Probably not. This kind of noise, at the level of 700 meters in SPG4 propagated orbits, probably happens all the time.

See the discussion in this answer; it seems to be the same exact phenomenon. There is a "blipping" of the eccentricity, but not a change in the semimajor axis, so the periapsis goes one way, and the apoapsis goes the opposite way, then everything goes back to the way it was before the blip (except of course for the steady decay in this case). The explanation is probably the same as well; a small error in position can always happen, especially if at a point in the orbit where there are statistical correlations between fitted parameters. As you point out, the positional error is only several hundred meters.

An error that large would be much less likely in the semimajor axis, because this is very strongly linked to mean motion. As your data the data for the object shown below both show, that doesn't happen. A mis-measurement of a few hundred meters than change the fitted eccentricity easily, but since satellites are observed over and over, timing and phasing but a much stronger lock on the semimajor axis.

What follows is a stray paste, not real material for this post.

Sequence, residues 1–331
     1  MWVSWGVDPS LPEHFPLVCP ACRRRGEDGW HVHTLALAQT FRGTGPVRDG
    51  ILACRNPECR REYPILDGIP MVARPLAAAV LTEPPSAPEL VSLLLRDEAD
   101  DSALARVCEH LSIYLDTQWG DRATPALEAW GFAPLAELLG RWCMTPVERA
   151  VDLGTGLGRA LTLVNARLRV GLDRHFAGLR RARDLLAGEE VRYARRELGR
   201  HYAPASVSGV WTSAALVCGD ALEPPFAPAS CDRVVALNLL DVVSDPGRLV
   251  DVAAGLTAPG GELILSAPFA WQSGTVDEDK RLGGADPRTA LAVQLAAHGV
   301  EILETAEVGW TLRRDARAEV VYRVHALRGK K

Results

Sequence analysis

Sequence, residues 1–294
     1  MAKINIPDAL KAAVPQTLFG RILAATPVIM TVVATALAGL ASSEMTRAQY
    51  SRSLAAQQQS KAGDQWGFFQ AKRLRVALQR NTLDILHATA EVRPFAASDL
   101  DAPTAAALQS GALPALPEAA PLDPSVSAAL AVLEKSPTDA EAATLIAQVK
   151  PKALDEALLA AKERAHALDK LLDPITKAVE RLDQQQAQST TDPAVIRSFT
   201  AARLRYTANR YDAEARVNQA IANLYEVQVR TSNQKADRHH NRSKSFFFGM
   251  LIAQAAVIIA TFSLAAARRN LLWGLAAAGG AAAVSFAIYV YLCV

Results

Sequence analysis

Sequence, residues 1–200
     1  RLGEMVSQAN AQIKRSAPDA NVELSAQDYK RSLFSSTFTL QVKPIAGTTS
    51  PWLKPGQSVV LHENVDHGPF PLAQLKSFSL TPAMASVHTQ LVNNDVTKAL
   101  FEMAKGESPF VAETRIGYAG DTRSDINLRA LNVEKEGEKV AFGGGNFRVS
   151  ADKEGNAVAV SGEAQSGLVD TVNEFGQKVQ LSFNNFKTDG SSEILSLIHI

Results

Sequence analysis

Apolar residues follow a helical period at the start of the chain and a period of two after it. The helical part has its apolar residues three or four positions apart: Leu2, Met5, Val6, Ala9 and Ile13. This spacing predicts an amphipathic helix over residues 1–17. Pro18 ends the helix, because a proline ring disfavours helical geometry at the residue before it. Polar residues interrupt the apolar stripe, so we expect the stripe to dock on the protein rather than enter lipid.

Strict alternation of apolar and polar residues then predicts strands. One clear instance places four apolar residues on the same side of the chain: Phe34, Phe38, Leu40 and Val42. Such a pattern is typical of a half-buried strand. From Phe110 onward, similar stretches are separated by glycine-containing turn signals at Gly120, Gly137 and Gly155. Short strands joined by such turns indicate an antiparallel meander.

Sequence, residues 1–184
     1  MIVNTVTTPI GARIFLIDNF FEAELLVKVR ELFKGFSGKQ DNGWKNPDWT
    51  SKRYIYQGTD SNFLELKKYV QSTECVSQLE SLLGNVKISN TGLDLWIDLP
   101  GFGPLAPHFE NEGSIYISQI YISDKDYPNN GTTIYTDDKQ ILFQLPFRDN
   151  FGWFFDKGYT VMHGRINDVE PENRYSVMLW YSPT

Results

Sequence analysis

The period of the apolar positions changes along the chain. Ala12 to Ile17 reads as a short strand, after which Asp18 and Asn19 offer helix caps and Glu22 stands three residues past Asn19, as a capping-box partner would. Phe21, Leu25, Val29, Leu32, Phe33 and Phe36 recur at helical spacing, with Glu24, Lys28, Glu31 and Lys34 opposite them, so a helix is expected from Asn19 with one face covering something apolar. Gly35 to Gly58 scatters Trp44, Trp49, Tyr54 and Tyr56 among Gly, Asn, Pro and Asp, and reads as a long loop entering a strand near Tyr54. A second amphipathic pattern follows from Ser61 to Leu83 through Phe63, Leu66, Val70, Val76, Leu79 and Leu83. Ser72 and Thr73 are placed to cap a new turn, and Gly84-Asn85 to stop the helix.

I'll bet if one were to start looking, noise and blips in eccentricity is probably fairly common. It's likely a non-event. EDIT: I started looking, and sure enough, it's quite noisy!

I'll add some more about ellipticity noise in a few minutes...

below: This plot from here shows a much larger blip in eccentricity for another spacecraft In this case it's maybe 20x larger than that shown in the question. By coincidence, in this plot Tiangong-1 was used as a reference, and does not show significant noise at this scale.

This is data from about 01-oct-2017 to 31-dec-2017:

enter image description here

below: This is only the Tiangong-1 data, showing the change in peri, apo, semi (top, scale = km) and eccentricity (bottom) from one TLE to the next, over the same three months.

This shows that noise at the 1km scale for Tiangong-1 is commonplace.

enter image description here

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  • $\begingroup$ @PeterTaylor Corrected, thank you for bringing that to my attention! $\endgroup$ – uhoh Apr 1 '18 at 0:51